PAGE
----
Rove’s shell game is so fragile that a break has to be near
I have to take issue with the Oxford English Dictionary. One of its definitions of “rove” as a noun is this:
A scab; the scaly crust of a healed or healing wound.
Yes, Karl Rove is scabby and scaly, but where’s this “healing”? His entire life is devoted to playing average Americans for suckers by keeping them divided, unhealed, and unaware of their common interest against the plutocrats and theocrats of the Bush regime.
It’s clear that the indictment of Scooter Libby hasn’t started any healing. For one thing, U.S. CEO Dick Cheney has hunkered down in his bunker, sending trusted aide David Addington to the surface to replace Libby and fight the fallout.
And any healing won’t start until Rove joins Libby and partially extinguished Christian statesman Tom DeLay on the injured reserve list. That won’t stop them from trying to build an imperial presidency and a permanently GOP Congress, but it will slow them down.
What’s keeping Pat Fitzgerald? While we’re drumming our fingers and checking his website, we might as well bitch-slap Rove a bit to soften him up. But Howard Kurtz isn’t helping matters any. The Washington Post press critic, who I think still has a TV show, too (I try not to watch the talk shows ever), gets a lot of things right, but he sometimes stubs his toe.
Kurtz must watch too many of these talk shows. His Halloween column, carrying the wussy-washy headline “Scandal Overkill?,” is a perfect example. All the pundits got to weigh in on the matter of Rove v. World. As Kurtz noted:
The drumbeat of media speculation was so loud last week that at times it sounded as though Karl Rove was on the verge of being thrown in the slammer.
OK, that was a reasonable observation, but Kurtz quickly stepped in something foul:
So when Rove was not indicted in the CIA leak case Friday [October 28], it almost seemed like a victory for the White House. But it was clearly not a victory for the reporters and commentators who climbed far out on the limb of handicapping what a special prosecutor operating in secret might do.
Now that an indictment has reached the highest level of the White House for the first time since Watergate, journalists face a minefield of potentially explosive questions: Are they enjoying a bit too much the spectacle of Libby, Vice President Cheney’s chief of staff, having to resign over the perjury and obstruction of justice charges? What happened to the normal journalistic skepticism toward a single-minded special prosecutor, as was on display when Ken Starr was pursuing Bill Clinton?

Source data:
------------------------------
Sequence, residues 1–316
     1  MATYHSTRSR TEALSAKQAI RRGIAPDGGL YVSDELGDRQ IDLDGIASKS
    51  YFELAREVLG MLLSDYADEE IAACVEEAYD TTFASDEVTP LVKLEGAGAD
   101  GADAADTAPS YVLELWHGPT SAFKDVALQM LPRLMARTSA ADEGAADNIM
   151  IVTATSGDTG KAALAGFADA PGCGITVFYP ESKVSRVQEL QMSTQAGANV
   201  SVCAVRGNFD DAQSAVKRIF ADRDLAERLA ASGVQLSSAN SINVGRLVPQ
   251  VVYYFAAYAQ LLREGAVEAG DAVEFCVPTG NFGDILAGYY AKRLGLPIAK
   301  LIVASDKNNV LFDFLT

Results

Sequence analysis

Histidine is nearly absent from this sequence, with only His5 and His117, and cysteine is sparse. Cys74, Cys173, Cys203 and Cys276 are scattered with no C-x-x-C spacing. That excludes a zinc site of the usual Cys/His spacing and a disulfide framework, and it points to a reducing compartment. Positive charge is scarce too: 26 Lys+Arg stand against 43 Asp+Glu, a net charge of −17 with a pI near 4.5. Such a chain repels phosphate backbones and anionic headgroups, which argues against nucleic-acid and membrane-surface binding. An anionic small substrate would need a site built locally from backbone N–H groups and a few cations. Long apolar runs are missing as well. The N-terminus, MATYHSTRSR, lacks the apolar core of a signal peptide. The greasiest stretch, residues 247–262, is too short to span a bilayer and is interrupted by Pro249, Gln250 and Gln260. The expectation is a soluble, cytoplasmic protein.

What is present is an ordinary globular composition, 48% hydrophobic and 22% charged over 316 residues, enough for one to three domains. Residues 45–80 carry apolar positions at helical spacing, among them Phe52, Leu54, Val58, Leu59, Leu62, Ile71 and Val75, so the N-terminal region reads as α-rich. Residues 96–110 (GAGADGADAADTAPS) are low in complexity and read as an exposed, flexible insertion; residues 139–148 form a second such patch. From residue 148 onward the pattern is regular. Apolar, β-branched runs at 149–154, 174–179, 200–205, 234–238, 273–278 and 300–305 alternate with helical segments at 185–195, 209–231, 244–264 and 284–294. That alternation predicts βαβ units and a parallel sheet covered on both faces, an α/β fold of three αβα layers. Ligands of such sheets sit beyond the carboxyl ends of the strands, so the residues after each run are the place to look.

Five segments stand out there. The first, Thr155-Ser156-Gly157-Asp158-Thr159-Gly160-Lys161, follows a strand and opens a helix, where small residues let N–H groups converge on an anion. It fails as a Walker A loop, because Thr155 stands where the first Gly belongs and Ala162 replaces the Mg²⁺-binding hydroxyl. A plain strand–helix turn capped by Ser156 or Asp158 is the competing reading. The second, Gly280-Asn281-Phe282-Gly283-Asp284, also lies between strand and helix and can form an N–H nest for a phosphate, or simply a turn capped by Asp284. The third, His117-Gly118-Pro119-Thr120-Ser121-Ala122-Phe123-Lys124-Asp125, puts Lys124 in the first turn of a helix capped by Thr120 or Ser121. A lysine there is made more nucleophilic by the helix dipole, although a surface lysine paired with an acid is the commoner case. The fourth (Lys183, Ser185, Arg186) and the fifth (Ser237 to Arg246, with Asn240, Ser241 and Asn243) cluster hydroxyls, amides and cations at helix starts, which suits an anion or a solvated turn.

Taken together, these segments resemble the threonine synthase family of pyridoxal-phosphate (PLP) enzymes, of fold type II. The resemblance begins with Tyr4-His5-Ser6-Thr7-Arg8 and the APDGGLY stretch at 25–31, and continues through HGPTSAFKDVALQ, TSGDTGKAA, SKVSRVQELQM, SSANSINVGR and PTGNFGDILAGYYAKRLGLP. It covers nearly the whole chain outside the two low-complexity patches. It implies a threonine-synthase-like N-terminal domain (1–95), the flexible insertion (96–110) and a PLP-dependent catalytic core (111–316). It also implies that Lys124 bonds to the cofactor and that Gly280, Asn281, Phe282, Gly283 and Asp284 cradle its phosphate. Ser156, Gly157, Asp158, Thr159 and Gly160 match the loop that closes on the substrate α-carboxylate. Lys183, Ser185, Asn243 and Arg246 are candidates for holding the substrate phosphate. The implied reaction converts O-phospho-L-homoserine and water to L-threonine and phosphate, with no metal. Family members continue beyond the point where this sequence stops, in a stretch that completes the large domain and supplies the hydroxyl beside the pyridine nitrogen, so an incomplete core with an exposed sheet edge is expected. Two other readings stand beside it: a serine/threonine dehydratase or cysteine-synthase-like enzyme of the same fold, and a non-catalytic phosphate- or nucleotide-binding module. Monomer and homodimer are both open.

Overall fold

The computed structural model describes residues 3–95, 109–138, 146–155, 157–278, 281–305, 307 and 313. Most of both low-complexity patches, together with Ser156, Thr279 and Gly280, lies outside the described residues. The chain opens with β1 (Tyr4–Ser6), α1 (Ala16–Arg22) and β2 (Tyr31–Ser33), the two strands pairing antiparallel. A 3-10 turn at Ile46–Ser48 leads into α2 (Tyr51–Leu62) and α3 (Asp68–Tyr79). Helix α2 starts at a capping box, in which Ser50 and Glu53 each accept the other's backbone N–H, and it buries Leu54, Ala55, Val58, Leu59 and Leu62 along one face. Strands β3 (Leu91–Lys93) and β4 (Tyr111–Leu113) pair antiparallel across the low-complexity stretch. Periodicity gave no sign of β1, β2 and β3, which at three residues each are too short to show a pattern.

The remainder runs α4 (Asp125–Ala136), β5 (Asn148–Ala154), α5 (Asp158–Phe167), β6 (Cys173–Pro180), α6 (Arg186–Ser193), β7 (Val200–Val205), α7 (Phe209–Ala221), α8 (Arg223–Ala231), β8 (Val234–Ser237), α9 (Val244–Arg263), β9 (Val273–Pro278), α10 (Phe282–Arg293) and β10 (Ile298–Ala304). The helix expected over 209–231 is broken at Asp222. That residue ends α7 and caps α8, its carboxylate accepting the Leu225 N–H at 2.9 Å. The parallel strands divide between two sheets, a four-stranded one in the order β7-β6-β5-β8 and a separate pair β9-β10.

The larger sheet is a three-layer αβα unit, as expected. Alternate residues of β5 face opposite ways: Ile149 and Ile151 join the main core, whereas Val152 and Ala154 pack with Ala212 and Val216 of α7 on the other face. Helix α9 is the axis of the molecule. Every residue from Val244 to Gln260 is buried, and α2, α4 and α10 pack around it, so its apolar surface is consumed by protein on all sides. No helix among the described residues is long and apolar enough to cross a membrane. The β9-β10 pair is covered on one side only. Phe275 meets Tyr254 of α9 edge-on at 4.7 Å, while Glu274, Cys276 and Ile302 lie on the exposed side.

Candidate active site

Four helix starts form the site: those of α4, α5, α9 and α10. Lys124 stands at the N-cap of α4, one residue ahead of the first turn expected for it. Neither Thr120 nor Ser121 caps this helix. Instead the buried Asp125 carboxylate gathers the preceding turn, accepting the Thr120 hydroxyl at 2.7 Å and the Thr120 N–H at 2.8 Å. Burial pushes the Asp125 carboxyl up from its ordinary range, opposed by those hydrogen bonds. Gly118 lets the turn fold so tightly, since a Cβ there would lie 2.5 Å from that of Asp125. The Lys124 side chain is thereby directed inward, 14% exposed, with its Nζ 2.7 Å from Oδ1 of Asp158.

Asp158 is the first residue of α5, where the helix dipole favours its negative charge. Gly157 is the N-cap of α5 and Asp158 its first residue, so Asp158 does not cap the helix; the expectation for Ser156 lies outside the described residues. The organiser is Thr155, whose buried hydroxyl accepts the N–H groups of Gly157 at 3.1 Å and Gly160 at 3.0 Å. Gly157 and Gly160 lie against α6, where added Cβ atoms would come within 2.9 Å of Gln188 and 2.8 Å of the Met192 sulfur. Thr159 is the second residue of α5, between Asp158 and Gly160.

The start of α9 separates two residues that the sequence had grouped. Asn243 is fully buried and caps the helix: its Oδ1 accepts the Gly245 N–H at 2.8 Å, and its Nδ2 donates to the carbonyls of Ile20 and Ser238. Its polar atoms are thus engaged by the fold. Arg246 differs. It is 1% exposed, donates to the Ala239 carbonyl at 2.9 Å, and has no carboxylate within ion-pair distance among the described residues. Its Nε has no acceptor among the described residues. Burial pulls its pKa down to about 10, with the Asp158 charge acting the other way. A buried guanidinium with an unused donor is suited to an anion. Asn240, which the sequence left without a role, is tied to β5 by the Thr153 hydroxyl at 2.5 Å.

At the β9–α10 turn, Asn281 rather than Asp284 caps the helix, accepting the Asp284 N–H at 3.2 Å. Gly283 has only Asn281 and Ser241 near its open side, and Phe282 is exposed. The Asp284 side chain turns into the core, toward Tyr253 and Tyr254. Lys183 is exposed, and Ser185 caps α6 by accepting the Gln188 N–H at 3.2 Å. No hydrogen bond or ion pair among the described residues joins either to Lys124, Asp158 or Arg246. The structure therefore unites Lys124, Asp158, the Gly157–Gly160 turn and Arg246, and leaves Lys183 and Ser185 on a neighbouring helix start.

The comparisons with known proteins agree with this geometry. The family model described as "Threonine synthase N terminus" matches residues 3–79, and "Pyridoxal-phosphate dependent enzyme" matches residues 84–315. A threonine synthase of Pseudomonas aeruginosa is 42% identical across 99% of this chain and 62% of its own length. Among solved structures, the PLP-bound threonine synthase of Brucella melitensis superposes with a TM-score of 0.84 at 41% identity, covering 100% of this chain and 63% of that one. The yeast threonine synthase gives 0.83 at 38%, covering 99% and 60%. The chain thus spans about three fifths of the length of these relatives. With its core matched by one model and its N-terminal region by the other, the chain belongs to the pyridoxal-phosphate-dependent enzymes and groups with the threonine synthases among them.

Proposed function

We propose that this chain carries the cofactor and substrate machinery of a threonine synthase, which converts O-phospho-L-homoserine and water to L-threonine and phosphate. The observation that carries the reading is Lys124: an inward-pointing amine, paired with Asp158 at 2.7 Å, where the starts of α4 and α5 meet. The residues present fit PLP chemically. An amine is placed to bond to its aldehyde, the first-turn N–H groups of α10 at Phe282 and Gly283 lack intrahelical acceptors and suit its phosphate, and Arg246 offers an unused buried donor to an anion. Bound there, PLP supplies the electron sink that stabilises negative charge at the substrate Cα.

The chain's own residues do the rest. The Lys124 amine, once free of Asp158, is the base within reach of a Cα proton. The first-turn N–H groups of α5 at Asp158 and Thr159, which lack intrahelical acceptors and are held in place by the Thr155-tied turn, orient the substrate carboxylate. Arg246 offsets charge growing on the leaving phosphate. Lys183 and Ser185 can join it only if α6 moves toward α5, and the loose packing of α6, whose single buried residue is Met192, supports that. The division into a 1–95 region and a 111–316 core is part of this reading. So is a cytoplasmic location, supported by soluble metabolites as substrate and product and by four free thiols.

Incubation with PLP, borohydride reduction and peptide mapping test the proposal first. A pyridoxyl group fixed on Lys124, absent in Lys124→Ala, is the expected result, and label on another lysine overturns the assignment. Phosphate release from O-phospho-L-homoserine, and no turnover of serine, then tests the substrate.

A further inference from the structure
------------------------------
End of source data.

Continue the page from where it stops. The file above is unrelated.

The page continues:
Please. Journalists who think in terms of such wins and losses (outside of sports arenas) are losers. Besides, there’s no comparison. Starr was a known partisan before he started investigating Clinton. Fitzgerald seems to be relentlessly nonpartisan. And the manipulation of a country into a tragic war and unconscionable tax cuts for the rich is slightly more important than the de-pantsing of a president.
I mean, you can’t compare what Monica Lewinsky swallowed from Bill Clinton to what 300 million Americans have been forced to swallow from George W. Bush.
As to what people should do with what dribbles out of journalists (me included), well, there’s a risk there, too. Even from veterans like Kurtz, whose recent reasoning powers on the New Times chain’s takeover of the Village Voice chain made me snicker.
His October 24 story on the deal, which is structured as a merger but looks like a takeover to me, because New Times reportedly gets control of 62 percent of the equity and a 5-4 edge on the board, noted this:
In terms of sheer feistiness, the papers may not be that far apart. A Voice writer recently slammed President Bush’s “cluster of neocons and religious nuts and military industrialists,” adding: “We need to investigate Wampumgate, Kazakhgate, the oil-for-slush scandal, Plamegate, and all the rest — we need to do it for the sake of our own democracy.”
Phoenix New Times, meanwhile, was calling the Maricopa County sheriff “a modern-day J. Edgar Hoover . . . without the penchant for women’s underwear” and accusing local media outlets of the journalistic equivalent of sexually servicing him.
I suppose that feistiness is better than fustiness, but that kind of glib patter is apparently what a mainstream media guy like Kurtz sees as “sheer feistiness.” I told you, he watches too many talk shows.
In any case, Kurtz surely knew that the Voice writer whose work he quoted from was me (from an October 14 Bush Beat item). But he must not have known that I worked at New Times papers as an editor/writer for 12 and a half years, six and a half at the mothership in Phoenix and then six more years at Westword in Denver.
Gee, no wonder it seemed to Kurtz that the two chains’ “sheer feistiness … may not be that far apart.”
And I guffawed when Kurtz quoted a piece by the San Francisco Bay Guardian opining that New Times would export its “desert libertarianism on the rocks, with sprigs of neocon politics.”
No one can know for sure what the Voice will look like under new ownership, but I have to ask: Do I look like a friggin’ neocon?
This article from the Village Voice Archive was posted on November 3, 2005